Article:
The defense, in turn, got some much-needed rest and responded by punishing opponents for their mistakes, as the Wildcats had been so often to that point.

    Sophomore linebacker Ronnie Palmer intercepted California quarterback Nate Longshore in the final two minutes to clinch a 24-20 Homecoming upset on Nov. 11 over the then-No. 8 Golden Bears.

    The following week, the Wildcats forced six turnovers to hold the Ducks to less than a third of their season scoring average in a 37-10 victory.

    Arizona takes memories of the team play it showed in doses this year into 2007, when the Wildcats return 19 of 22 starters.

    Assuming Tuitama is cleared to play after taking a series of hits to his head, the offense returns the core of its attack, sans four-year difference-maker Syndric Steptoe at wide receiver and kick returner.

    The defense loses only safety Michael Johnson, oft-injured this year, from its highly touted secondary. It will keep its linebacker corps intact and feature a budding defensive line headed by defensive end Louis Holmes (team-high four sacks).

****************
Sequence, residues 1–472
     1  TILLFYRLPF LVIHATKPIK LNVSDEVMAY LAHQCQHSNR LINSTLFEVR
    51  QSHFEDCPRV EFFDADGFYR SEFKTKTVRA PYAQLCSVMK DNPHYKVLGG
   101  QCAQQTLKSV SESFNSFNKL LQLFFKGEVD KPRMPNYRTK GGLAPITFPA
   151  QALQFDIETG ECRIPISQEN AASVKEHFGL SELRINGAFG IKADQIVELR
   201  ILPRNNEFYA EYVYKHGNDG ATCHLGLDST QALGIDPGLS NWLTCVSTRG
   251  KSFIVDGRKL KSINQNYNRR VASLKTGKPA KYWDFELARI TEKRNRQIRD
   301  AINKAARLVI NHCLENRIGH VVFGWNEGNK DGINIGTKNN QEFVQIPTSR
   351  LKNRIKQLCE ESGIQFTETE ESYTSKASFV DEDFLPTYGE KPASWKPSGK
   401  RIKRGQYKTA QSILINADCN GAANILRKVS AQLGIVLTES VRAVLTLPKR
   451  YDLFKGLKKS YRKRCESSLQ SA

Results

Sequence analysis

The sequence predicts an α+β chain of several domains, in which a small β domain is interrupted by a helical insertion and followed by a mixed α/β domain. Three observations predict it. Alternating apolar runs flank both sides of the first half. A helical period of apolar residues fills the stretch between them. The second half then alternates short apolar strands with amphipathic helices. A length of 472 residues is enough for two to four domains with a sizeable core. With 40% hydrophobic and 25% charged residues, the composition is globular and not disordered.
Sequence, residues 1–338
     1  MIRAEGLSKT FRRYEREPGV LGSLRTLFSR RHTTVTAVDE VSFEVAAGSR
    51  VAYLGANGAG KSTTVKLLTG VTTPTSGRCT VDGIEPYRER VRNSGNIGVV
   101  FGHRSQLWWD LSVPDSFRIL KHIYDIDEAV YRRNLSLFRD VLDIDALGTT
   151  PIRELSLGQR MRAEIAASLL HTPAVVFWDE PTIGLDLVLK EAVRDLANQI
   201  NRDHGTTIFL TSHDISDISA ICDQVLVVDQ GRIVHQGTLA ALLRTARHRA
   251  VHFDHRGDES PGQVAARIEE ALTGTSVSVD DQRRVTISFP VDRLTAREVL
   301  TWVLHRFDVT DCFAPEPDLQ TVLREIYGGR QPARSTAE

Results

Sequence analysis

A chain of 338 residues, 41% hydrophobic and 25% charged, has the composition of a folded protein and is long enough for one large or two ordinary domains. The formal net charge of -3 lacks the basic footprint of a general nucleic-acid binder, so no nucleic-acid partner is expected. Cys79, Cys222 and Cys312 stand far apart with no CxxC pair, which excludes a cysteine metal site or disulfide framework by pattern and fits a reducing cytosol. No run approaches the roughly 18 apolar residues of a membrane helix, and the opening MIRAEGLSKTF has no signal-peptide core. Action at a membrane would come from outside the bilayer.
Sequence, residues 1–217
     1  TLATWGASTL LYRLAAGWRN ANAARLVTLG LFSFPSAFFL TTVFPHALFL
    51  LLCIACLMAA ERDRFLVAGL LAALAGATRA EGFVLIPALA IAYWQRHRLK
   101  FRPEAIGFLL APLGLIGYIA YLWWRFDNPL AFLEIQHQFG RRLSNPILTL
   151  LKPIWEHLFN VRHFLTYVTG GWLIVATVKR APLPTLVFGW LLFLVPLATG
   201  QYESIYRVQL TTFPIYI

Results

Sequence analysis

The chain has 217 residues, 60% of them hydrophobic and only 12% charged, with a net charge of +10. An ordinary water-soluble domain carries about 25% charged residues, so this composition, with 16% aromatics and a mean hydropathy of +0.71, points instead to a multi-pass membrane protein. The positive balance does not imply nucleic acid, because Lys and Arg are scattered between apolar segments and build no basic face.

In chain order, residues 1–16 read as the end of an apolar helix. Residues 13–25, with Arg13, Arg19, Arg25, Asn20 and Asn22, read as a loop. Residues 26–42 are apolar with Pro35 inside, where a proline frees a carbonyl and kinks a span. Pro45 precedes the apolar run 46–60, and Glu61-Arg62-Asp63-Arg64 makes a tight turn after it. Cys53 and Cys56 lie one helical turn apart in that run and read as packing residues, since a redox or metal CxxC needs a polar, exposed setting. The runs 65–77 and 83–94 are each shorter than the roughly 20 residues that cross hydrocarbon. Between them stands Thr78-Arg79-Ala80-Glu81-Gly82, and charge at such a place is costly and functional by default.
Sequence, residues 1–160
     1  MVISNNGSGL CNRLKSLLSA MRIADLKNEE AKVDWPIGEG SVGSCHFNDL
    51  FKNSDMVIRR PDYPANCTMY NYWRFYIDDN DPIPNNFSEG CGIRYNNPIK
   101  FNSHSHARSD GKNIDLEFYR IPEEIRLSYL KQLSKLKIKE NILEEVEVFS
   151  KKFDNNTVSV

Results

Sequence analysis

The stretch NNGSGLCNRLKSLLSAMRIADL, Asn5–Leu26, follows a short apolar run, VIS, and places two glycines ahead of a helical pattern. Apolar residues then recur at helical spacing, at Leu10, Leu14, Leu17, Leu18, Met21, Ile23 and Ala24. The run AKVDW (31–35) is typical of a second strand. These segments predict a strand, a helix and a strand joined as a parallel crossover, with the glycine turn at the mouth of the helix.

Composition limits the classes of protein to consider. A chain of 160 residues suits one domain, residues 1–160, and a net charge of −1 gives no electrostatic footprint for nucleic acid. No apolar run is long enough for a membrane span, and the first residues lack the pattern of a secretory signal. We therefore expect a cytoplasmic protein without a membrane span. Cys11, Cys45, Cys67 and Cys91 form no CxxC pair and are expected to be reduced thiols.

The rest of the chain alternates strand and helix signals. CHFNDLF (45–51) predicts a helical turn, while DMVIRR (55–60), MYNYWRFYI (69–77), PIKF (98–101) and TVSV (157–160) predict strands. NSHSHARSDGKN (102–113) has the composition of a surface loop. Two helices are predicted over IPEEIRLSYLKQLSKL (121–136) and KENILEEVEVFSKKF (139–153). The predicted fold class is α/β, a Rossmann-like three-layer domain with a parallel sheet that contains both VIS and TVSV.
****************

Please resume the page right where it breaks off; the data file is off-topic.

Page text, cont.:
Still, the biggest holdover the team will carry into next season, according to junior cornerback Antoine Cason, is a sense of urgency: knowing that a single loss can snowball into one too many if corrective measures aren’t taken.

    2006 Football season at a glance
    High point: Oregon victory. Arizona came into Autzen Stadium, where it hadn’t won in 20 years, and dominated Ducks from start to finish in 37-10 victory. Also when Wildcats’ hopes for a bowl game peaked…before a precipitous collapse (see Game to forget, bottom). Low point: Oregon State loss. 17-10 home defeat brought Arizona’s record to 3-5, coming just before team’s first three-game winning streak since 2001. Also low-water mark for UA offense, which floundered against Beavers behind third-string quarterback Kris Heavner.